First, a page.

So far it has been a great start to the school year. What an adorable group of children we are blessed to have in our 2nd Grade Class! Excellent habits are being developed as our golden rules of kindness, truthfulness and acceptance are central to whatever we do. It warms my heart to see children joyfully playing together and making new friends with our new students. During main lesson the children are busy counting, adding, subtracting, and working the times tables, not to mention dancing, singing, knitting and drawing.

At recess, the children are especially enjoying playing in our new Imaginative Play Area! Ms. Davis has had students add some lovely plants into the beds. This week I saw children building fairy houses, grinding and banging with rocks, and “buying and selling” imaginary products using the big rocks the Richards family hauled from Montauk. I can’t even begin to thank Lisa and Rich Richards and Stephen Zuckerbrot enough! Rich for building the beds, both Lisa and Rich for buying and planting the plants, buying paint and painting the yellow house, hauling dirt, and hauling stumps.  And to Stephen for building the new playhouse, which is a great work in progress that the children are gently using for now. This truly is a wonderful gift to the children! Thank you too, to Rosalind, Maria and Coleen (and children) for coming to help out on Labor day weekend. And thanks to John Comerford for hauling and delivering some great gigantic stumps!

Our Parent Evenings are scheduled for Thursday, September 29th, Tuesday, January 24th, and Wednesday, May 3rd, at 7 pm.

Third Grade Newsletter #3

The third grade is half way through their mathematics block and they have  mastered many new concepts including long multiplication with a six-digit and two-digit numbers that include carrying. Because of their hard work, the children are proficient in long multiplication without remainders.  The class has also been successful in finding patterns in numbers and finding missing numbers in sequences.  We completed a one week review of place value where the children demonstrated their ability to read and write numbers up to a hundred million and define what each digit represents numerically. Currently, the third graders are reciting their times tables backwards and forwards each day. We have completed the 6 times tables, and are moving into our 7s, 8s, and 9s. The children are very excited to reach each goal! You can support your child at home by allowing them to recite the tables backwards and forwards out loud to you. Next week, we will begin learning about the measurements of length, weight, and distance.  The third graders have made excellent progress in their math skills and are rapidly and enthusiastically progressing.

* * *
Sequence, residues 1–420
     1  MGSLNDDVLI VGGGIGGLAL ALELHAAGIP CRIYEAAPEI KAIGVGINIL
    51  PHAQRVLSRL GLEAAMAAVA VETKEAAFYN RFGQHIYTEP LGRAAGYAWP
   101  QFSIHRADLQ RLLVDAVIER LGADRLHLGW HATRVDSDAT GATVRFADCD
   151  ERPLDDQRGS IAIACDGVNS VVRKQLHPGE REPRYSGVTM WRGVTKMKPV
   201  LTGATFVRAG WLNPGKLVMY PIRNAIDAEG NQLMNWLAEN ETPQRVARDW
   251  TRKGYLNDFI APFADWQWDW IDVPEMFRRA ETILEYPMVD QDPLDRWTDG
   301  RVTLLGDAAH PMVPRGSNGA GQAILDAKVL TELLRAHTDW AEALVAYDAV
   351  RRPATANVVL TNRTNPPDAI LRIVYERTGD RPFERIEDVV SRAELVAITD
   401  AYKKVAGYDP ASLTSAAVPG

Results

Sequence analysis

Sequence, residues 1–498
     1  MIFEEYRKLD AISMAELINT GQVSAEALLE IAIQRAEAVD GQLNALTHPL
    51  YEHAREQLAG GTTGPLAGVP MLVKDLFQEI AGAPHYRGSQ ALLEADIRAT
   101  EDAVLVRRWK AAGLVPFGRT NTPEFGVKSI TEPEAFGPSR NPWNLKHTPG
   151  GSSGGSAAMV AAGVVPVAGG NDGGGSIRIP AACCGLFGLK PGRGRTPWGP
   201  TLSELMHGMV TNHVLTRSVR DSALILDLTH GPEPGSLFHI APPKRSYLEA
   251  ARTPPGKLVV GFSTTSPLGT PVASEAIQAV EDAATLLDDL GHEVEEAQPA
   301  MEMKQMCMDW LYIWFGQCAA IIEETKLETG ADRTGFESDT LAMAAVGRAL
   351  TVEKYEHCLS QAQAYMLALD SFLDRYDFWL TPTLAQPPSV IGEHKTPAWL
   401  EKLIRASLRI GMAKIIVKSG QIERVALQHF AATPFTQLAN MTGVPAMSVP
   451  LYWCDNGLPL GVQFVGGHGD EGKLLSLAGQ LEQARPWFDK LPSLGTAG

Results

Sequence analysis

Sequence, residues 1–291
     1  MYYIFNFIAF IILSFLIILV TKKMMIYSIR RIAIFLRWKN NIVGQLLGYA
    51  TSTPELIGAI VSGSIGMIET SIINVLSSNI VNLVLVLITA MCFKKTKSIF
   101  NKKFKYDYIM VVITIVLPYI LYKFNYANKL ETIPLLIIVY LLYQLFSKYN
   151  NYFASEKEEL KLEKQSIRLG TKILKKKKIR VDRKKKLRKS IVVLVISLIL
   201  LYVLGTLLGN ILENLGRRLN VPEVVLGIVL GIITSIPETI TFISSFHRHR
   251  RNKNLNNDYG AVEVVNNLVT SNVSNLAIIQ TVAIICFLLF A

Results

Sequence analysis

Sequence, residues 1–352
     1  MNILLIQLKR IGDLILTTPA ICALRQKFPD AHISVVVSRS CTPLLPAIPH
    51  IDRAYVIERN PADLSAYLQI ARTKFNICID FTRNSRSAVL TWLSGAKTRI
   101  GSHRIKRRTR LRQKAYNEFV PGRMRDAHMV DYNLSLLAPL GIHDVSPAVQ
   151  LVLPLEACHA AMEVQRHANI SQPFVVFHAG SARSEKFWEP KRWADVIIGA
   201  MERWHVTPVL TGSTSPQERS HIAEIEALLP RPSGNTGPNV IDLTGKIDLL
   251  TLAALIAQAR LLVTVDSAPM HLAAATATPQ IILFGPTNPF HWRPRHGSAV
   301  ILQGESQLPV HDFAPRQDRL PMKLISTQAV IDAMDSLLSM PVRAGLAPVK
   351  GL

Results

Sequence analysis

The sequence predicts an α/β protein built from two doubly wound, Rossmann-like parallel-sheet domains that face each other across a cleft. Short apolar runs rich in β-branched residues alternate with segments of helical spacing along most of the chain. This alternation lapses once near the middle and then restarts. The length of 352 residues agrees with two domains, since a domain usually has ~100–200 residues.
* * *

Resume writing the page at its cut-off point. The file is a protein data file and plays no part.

After our mathematics block, the third grade will begin a language arts block which will incorporate stories from the Old Testament. The children will be building their independent writing skills throughout this block by reviewing stories with their own writing.  Spelling will also be strengthened through this experience. Students will be asked to write paragraphs of up to five sentences based on their recall of details from the Old Testament stories presented. Daily retelling will help the children develop clearer comprehension and reading skills will be strengthened through daily individual reading.

There will be a third grade class meeting on Wednesday, January 25th from 7:00-8:30 in the classroom. I will review our new homework routines for the second half of the school year.  Please attend!

If you would like to see a video of the children playing the recorder, click here.

Thank you.  I look forward to seeing you soon.

Third Grade Newsletter #2